The interest tax imposed on
personal bank savings has been met by landslide public objection, a survey
The survey, conducted jointly by China Youth Daily and QQ.com, revealed that
93.7 percent of the 6,723 respondents considered the current interest tax
"It is unfair to charge us once more with interest tax while we have already
paid personal income tax," a survey respondent said.
A 20 percent tax on savings interest was introduced in 1999 in a bid to
reduce mounting individual savings.
Seven years on, despite the tax, the Chinese "hobby" of saving shows no sign
of abating as China's renminbi savings deposits reached 15.97 trillion yuan by
November last year, up 15.3 percent on the previous year.
The tax has also failed to stimulate consumer spending, as ultimate
consumption rate dropped the record low 51 percent last year.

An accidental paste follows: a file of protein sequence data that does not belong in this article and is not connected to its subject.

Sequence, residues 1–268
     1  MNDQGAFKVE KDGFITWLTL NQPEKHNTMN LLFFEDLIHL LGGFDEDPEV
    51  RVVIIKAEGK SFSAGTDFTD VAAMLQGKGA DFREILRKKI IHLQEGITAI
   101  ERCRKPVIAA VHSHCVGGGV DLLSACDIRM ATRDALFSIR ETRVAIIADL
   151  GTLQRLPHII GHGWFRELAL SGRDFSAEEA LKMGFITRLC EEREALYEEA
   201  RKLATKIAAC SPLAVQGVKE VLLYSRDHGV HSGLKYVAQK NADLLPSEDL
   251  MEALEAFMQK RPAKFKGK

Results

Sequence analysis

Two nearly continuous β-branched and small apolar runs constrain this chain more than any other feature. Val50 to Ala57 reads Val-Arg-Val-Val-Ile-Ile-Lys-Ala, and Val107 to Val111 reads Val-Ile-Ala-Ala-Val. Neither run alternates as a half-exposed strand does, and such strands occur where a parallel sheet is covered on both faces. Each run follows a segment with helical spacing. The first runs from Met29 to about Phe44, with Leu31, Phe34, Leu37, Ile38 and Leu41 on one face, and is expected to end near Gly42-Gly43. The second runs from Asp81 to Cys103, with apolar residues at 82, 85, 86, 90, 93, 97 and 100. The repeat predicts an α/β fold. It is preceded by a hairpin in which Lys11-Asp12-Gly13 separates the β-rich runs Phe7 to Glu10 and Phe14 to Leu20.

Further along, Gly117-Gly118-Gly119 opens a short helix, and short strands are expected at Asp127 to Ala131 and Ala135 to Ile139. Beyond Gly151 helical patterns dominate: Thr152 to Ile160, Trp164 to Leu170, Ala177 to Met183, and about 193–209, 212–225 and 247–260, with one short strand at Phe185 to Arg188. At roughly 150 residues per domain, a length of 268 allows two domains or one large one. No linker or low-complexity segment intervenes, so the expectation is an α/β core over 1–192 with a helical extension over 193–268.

Opposition to the tax is getting more vocal every year.
According to Chen Liangwen, an economic researcher with Peking University,
China's high savings rate was attributed to low consumer confidence because of
high employment pressures and costly education, housing and medical care.
"The interest tax levied during the past eight years has proven not to be
useful in simulating consumer spending. It is time for a change," Chen said.
According to Chen, given inflation and the interest tax, the real interest
rate on bank deposits was virtually negative.
Facing intense calls for abolishing the interest tax, some officials with
Ministry of Finance argued last year that the total deposits of the wealthy were
far greater than those of the poor, and the affluent paid more tax, for public
But some economists disagree.
"The role of interest tax in coordinating the income gap is limited," Zhao
Xijun, vice-dean of the Finance and Security Research Institute with Renmin
University of China, said.
"Instead, a more effective tool is to increase financial input into public
According to Tan Yaling, a researcher with the Bank of China, the rich have
more investment channels, whereas the poor rely more on bank savings to make a
"The tax chips away at the savings of middle and low-income families, whereas
those with higher wages are relatively unaffected," Tan told Beijing Youth
The government should adopt different interest tax rates for the rich and the
poor, he said.